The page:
Asking for a Raise
I was rifling through my emails recently and I came upon the email I sent this time last year to my then-editor at The A.V Club meekly asking for a fifty dollar raise for My World of Flops. I debated for weeks, even months, on whether or not I should ask for even such a modest increase in pay because I knew all too well how cold the site could be.
This is reflected in the mildly groveling, Willy Lomanesque tone of the email, which reads,
I hope this email finds you well and that you are having a good week. At this point I have been writing for the A.V Club for twenty years, including ten on My World Of Flops alone. I’d like to think that I’ve played at least some role in making The A.V. Club the cultural force that it is today. I also like to think I’ve been doing a really good job since my return. I’ve never come close to missing a deadline, I continually do much more work than is necessary (watching 16 hours of I Am Cait, for example, when I could just as easily have just written about a movie) and in the case of Silly Little Show-Biz Book Club, I regularly work five or six months ahead (I’m five months ahead at the moment, so I could die tomorrow and we’d have entries to run until August).
I feel like My Year/World Of Flops would have a substantial legacy if all it ever did was introduce the concept of the Manic Pixie Dream Girl in the first column, but I like to think it’s accomplished a lot more in the hundreds of entries that have followed, and the book that it spawned.
With that in mind, I would like to humbly request another modest pay increase of 50 dollars per My World Of Flops column and 25 more dollars for Silly Little Show-Biz Book Club pieces. As a freelancer with a baby and a preschool teacher for a wife, every cent counts and I think this is an eminently reasonable request from the longest-lasting and most prolific writer in the site’s auspicious history. Let me know if it sounds doable and thanks again for the time and consideration.
I didn’t hear back for two months, during which time I writhed in fear and anxiety. Had I made a terrible mistake in asking for more money? When I finally did hear back, it was with mixed/bad news. I would get my fifty dollar raise, but because the site was now owned by an even richer billionaire, of course they wouldn’t be able to afford to run the column more than once every three weeks. That seemed like bullshit but as a freelancer I had no choice to accept it.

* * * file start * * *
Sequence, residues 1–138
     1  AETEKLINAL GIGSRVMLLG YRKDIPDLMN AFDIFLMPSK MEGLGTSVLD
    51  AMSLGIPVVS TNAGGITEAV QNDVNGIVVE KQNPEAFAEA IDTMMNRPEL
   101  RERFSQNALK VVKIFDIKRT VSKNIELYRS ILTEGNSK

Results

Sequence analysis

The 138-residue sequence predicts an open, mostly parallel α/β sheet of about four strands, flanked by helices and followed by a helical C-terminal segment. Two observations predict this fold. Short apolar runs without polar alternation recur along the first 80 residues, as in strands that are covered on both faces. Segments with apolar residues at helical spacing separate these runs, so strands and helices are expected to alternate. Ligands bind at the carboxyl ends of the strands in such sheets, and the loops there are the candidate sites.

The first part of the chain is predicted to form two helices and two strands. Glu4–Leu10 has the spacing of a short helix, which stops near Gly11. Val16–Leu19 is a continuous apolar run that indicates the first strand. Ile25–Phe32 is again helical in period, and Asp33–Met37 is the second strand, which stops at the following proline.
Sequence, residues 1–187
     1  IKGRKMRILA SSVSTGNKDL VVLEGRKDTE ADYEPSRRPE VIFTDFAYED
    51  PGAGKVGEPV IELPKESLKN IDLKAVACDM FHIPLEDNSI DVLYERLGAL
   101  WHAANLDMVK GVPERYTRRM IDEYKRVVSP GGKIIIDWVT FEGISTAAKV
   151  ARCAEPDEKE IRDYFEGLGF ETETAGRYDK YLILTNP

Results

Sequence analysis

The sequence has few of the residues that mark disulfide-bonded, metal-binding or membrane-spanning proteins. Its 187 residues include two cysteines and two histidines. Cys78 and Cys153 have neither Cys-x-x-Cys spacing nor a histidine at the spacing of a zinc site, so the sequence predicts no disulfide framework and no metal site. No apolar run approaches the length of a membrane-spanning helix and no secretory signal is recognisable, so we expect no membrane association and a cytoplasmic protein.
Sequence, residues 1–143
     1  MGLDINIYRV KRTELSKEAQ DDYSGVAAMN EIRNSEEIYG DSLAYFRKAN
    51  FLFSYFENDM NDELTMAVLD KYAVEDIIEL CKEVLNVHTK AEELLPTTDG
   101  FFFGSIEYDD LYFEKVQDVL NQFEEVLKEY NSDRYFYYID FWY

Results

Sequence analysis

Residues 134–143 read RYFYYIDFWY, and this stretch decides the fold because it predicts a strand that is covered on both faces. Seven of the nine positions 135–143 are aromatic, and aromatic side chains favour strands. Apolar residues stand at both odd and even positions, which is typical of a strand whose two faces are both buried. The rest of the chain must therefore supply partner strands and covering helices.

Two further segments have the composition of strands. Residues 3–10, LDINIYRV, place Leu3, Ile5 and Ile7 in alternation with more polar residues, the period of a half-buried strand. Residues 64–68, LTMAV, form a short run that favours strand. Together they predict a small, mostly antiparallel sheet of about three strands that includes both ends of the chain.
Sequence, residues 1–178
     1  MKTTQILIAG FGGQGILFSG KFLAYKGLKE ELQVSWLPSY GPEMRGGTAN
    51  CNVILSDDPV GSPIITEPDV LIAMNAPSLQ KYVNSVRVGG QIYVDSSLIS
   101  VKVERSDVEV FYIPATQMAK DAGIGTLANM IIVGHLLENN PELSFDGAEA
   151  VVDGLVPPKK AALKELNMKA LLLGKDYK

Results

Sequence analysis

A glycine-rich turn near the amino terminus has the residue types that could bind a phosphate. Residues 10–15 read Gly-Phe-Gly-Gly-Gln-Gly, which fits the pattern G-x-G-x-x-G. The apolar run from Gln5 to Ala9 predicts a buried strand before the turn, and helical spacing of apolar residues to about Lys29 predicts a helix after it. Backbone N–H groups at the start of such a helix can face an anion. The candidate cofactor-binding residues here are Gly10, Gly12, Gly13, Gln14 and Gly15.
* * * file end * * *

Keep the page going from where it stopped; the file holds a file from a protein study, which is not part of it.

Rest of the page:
A week or two later I got the email containing the “unwelcome news” that due to “declining page views” and “the changing needs of the pop culture landscape” the column was being “retired.”
I’m writing this post because, well, I think I make a pretty strong argument for a raise in my email and it seems pretty unfair that the site’s response was to kill the column. I don’t expect pop-culture media to be fair, but there’s unfair and then then there’s egregiously unfair. The A.V Club had, and continues to have, all the power in our relationship. They’re a huge cultural force and I’m a dude trying to scrape together a living as a writer by asking strangers for money on the internet two decades into his career. What little power I have comes in my voice, my story and my site, so I’m going to use those to say, as graciously as possible, that maybe I deserved to be treated a little bit better. Maybe everyone does.
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